The amount of work on the FPLG project had not grown any smaller by the time he returned. The name says it all – the piston in the linear generator does indeed move freely, meaning it is not compelled to travel between two mechanically defined endpoints (see information box). “That was one of the biggest challenges right from the start,” explains Kock. After all, plenty can go wrong in that particular area. The piston only needs to move a fraction too far for it to impact the cylinder head at the end of the apparatus, which would cause horrendous damage. Not only would it be costly, it might also be dangerous. This is why the scientists observe the tests conducted on the FPLG from the safety of a separate control room – behind three centimetres of armoured glass. During the test cycles, at least two DLR employees keep their eyes trained keenly on the five monitors. Besides the tension of waiting to see whether the tests run as planned, the FPLG also makes a great deal of noise. “At the moment, it still sounds like you’re standing right next to a pneumatic drill. That’s one of the points we’re currently working on,” explains Kock.
Another aspect is its sheer size. As things stand, it is hard to imagine that one day, a softly humming FPLG will take its place inside an electric car, but this is precisely the goal. Installed as part of a hybrid system, FPLGs will be able generate power for the electric motor even when the batteries are discharged. Even if this sounds no more spectacular than a backup generator, it is in fact far more. Current hybrid cars can cope with shorter routes of up to 50 kilometres –for instance in city centres – using only battery power. But they should be able to handle longer distances of up to 600 kilometres once fitted with a FPLG range extender (see animation).
Recognising and rising to challenges
The mechanical assembly was not the only daunting challenge. Florian Kock is also responsible for programming the electronics and control technology. “What we did – more or less – was develop an electronic crankshaft. We succeeded in creating a software model of what is usually a mechanical system.” It has been shown for over two years that the system works. The database software – developed in-house and used to catalogue all components – made a significant contribution to the success. “This tool is extremely important. When minor malfunctions occur, it helps us understand what it was that we installed incorrectly, when we did it, and where,” the project manager emphasises.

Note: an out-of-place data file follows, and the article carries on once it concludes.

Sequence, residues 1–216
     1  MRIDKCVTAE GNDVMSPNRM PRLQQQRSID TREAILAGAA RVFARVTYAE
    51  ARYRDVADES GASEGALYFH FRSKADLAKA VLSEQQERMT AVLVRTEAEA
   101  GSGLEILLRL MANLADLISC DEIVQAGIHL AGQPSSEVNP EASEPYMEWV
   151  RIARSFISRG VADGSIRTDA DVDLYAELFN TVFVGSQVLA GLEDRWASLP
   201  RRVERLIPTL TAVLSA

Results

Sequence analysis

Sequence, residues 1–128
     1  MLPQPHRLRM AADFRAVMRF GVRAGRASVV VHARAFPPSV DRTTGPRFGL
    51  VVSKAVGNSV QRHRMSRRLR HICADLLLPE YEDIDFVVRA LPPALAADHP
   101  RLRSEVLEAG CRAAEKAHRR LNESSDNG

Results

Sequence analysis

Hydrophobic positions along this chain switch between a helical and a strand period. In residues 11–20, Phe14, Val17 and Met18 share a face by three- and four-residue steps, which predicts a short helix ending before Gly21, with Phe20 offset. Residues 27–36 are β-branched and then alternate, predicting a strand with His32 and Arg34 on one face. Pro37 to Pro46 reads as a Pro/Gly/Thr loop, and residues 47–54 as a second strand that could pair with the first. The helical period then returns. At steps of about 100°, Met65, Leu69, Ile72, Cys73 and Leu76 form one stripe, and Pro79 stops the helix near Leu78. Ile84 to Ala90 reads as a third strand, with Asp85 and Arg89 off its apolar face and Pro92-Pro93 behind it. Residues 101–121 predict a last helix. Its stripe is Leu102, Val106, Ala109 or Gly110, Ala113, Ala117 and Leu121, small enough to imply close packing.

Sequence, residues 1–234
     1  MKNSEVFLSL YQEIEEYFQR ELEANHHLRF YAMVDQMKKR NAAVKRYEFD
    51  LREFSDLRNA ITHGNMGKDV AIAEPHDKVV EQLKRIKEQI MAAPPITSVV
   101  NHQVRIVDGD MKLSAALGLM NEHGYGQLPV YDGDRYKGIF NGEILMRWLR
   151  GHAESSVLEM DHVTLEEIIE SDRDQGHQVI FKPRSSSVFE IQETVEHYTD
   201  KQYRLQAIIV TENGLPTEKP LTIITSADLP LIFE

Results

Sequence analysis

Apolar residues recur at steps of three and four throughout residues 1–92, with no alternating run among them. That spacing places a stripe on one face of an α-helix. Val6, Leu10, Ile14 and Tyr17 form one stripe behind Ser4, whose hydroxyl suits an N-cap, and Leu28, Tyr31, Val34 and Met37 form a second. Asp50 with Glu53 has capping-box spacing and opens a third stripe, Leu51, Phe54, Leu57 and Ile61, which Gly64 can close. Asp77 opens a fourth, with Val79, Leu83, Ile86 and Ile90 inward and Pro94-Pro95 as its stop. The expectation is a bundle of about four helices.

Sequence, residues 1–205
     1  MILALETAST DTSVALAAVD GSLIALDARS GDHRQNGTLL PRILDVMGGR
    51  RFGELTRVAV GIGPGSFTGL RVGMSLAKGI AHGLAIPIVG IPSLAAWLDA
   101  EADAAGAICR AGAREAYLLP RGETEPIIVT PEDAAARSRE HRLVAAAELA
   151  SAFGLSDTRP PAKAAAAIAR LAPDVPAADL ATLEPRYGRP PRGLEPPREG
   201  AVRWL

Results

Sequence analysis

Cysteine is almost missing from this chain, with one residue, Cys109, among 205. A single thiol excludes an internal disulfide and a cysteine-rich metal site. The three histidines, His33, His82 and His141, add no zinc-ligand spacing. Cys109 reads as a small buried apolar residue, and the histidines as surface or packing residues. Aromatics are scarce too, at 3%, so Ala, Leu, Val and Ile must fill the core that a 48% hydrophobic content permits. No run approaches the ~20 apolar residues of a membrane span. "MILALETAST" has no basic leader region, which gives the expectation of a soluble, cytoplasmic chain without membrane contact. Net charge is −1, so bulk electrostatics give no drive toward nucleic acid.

Kock shares a small flat in the city centre of Stuttgart with friends. “It wouldn’t be a problem to move to another city again. I haven’t put down any firm roots, and still feel relatively free,” he says with a smile. What he finds particularly enjoyable now is the task of developing an innovative drive system in a managerial position. Kock was entrusted with leading the project when his predecessor left the DLR Institute after finishing his doctoral thesis. “The initial period truly was a baptism of fire, but I am thankful for the huge opportunity.”
The Free-Piston Linear Generator (FPLG) – a highly flexible and extraordinarily efficient energy converter
The materials used to produce electric vehicle batteries are costly and have a low power density. Installing a hybrid unit consisting of an internal combustion engine and generator is a sensible way of, nevertheless, developing an electric vehicle with a low weight and acceptable production costs. This system directly drives the electric motor by converting the chemical energy stored in the fuel into electrical energy. Combined with a smaller battery, vehicles can drive shorter routes powered exclusively by the battery. The FPLG is then deployed as a power generation unit to extend the range. High efficiency, good vibration and noise properties and its compact structure are particularly beneficial aspects of an energy conversion unit such as the FPLG. The free-piston linear generator has substantial potential in these areas, and is therefore the subject of ongoing research at DLR.
How it works
A FPLG is a special kind of free-piston engine. Free-piston engines are characterised by a floating piston unit whose movement is not determined by a crankshaft. In FPLGs, the piston unit moves between two compression spaces. A fuel-air mixture is ignited in one of these spaces (the combustion subsystem). The other is used exclusively for the compression and expansion of air (the gas spring subsystem). Permanent magnets are installed between the two pistons in the piston unit and these move between the coils. Together, the permanent magnets and the coil bodies form the linear generator. The relative movement between the permanent magnets and the coils enables the energy supplied by combustion to be extracted as electric power and made available to the battery or the drive motor.
• Variable compression ratio
• Variable displacement
• Linear motion
• High efficiency
• High power density
• Compact design
• Flex-fuel capability
• Minimised frictional losses
• Minimised mechanical wear
• Very good noise and vibration properties
• Few moving parts